Albertson, NY, USA
Herricks High School
our king is coming. so embellish your
children and clean the rims around the
home. he will finally arise from the under
world to greet our people once again.
let him grace the rice paddies once
more. eat the food of your ancestors
colorful curries adorned in a banana
leaf and sing their songs to let yourself
be his people just one more year.
mahabali is coming.
before my great grandmother had
ever placed her soles on this land
before smog and floods and before
the backwaters soured came a king.
mahabali. to rule this ground to blow
breath into and to seed in it virtue and
prosperity to feed it his blood so the
plush rice could regenerate and grow.
all the subjects in his kingdom adorned
him and celebrated him. he was loved
by all and in a sense impenetrable.
he was the revered king, loved by
both the smiles of the children and the
dark eyes of the soil beneath him.
it was said that he was the epitome of
justness. as long as he ruled the land
all beings lived as one being. however,
his rule and his greatness would not be received
by all. his fame and goodness would make him
subject to bitter envy. for jealousy from gods,
lord vishnu & the devas, would lead to darkness.
on a day with a beating sun king mahabali
sees a frail boy praying of course his stern
benevolence wills him to ask the boy
what do you desire? the boy asked for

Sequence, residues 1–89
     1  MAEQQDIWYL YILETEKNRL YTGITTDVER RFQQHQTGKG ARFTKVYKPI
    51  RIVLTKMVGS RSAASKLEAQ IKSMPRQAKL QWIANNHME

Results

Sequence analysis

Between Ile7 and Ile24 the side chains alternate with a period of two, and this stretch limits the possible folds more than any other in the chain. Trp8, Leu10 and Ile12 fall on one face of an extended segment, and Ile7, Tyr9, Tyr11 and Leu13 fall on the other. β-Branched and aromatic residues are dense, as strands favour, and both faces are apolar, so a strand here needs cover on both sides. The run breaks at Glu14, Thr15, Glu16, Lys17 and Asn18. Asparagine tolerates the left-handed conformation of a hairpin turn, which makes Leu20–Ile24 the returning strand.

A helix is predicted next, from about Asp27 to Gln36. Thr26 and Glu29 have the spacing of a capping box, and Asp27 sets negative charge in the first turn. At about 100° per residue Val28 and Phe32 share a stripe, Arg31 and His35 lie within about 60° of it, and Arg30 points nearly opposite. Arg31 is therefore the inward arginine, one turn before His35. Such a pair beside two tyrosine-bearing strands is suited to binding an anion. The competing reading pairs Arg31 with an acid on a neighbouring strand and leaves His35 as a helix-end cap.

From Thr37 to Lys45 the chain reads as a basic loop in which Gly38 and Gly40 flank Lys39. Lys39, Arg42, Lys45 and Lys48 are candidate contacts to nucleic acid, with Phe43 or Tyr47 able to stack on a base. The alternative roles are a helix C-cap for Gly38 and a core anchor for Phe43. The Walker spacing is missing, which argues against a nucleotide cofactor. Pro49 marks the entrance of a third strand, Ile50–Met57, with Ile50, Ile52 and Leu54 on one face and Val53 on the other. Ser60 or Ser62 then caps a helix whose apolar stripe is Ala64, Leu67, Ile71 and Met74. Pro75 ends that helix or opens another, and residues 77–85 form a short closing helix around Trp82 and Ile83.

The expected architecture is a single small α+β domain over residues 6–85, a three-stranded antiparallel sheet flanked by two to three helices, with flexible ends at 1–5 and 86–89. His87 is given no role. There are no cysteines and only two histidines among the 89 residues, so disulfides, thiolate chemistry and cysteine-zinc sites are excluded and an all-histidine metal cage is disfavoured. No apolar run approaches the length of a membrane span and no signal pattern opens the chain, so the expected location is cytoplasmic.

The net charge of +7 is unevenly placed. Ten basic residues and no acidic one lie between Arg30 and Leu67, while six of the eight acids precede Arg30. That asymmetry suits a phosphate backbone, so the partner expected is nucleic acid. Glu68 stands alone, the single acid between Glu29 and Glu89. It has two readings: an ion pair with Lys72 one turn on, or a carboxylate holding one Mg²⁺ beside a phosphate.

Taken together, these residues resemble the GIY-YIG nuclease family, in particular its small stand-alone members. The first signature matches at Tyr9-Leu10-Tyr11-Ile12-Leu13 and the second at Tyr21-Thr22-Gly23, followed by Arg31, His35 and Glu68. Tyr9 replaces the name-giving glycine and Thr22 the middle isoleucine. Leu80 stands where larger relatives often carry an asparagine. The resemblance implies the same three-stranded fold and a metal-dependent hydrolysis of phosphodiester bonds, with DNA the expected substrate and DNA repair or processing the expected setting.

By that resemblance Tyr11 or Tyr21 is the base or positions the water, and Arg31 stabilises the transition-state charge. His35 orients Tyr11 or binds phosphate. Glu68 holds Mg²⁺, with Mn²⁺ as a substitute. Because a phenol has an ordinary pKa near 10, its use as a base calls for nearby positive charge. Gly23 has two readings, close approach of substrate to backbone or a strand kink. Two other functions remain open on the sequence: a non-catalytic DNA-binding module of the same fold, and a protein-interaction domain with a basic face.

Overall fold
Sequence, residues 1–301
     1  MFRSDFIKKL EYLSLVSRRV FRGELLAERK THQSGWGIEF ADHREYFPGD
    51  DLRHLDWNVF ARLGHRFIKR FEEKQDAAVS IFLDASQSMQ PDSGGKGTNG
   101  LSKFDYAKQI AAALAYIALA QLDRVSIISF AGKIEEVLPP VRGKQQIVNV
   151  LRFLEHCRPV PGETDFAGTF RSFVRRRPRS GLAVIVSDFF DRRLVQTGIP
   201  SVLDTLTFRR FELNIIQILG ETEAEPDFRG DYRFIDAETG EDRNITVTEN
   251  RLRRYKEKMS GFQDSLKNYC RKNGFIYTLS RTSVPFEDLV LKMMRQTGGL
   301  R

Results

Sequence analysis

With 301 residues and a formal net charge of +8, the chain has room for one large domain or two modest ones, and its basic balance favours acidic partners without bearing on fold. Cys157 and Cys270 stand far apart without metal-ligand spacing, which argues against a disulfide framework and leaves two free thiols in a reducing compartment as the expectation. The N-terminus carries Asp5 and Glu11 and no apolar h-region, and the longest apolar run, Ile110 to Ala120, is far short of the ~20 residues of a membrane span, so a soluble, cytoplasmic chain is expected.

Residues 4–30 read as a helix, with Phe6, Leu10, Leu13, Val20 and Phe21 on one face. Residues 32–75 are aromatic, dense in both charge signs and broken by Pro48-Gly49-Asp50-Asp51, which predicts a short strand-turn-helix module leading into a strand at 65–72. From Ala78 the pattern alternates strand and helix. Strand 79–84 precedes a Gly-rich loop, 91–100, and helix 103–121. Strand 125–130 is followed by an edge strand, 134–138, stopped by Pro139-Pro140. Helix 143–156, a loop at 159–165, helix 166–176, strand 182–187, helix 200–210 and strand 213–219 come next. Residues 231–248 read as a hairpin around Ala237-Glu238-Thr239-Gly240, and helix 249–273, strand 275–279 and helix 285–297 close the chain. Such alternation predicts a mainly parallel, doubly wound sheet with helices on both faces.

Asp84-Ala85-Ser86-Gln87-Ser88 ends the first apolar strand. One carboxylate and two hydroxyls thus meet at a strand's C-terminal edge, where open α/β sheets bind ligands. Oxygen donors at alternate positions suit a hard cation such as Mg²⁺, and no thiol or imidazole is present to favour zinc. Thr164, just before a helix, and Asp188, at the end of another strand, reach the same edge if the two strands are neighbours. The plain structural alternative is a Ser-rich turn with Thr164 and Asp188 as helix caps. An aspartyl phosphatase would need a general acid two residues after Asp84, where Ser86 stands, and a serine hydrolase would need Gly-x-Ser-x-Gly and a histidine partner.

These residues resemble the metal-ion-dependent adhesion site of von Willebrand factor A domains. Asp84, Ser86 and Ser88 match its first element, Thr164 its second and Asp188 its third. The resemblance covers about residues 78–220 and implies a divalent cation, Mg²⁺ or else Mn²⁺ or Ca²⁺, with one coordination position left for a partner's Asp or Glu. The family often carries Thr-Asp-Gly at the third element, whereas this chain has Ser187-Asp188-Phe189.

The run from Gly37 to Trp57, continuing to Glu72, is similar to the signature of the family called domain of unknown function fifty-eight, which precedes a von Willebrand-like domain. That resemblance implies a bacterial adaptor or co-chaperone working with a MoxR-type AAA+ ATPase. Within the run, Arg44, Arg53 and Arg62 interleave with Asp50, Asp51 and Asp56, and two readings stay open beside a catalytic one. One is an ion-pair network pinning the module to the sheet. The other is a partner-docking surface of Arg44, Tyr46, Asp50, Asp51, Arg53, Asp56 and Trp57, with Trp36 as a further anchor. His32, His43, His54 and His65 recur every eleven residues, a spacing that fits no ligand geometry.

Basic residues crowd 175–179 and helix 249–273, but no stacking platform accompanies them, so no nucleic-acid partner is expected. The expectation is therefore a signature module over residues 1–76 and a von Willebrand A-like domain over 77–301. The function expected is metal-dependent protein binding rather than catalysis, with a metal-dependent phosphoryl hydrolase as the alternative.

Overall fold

a piece of land that could be covered in
three steps. mahabali agrees, and as the boy
begins to take his first step and he begins to swell.
growing into a giant as he takes one, two,
steps to cover the entire body of kerala. mahabali
realizes this is no regular boy–this is the
work of the gods, this is lord vishnu at play.
seeing that there is no more land free
for the lord’s third step, mahabali offers his head
and vishnu plunges him down into the under
world to live. he makes one feeble request.
he asks to have one day a year to see his people
once again. onam is born, and one day a year,
mahabali comes out from the deep to finally
see his subjects. his arrival brings together entire
factions of kerala, all religions, colors, and creeds.
my grandmother picks out a fresh
set of waxy banana leaves from the
lip of the backwaters where the clay and
sand kiss the water. she bounces in the
kitchen powered by the breeze and the
reminder of our guest. rice is washed,
spices are ground, curry is stirred.
to plate, she decorates the banana leaf
with the curries of beetroot, coconut,
black eyed peas, seasonal melons.
our house is scrubbed. folk dances
performed by strangers and neighbors
leave a tangible magic in the air
that spreads around the community
and we are all preparing, all purging,
all making ourselves ready for the
annual and timely arrival of our
great king mahabali.
onashamsakal (best wishes for the festival of onam)
I love how (the author intertwines) this myth with a personal story as well. Painting this picture of the origins of this cultural festival, so vibrant and rich, makes the poem all the more evocative and poignant. (The author's) command over the narrative is very well done. (The author crafts) the story with such precision, transitioning between the past and the present seamlessly.
Aieshah Ashfer is a senior at Herricks High School. You’ll find her arranging all the images, colors, shapes, ideas, and thoughts in her head into poems, prose, and stories. When she's not writing, she's learning about black holes, hoping to go deep-sea diving again, or taking ambitious trips to thrift stores in New York City.
ABOUT THE AUTHOR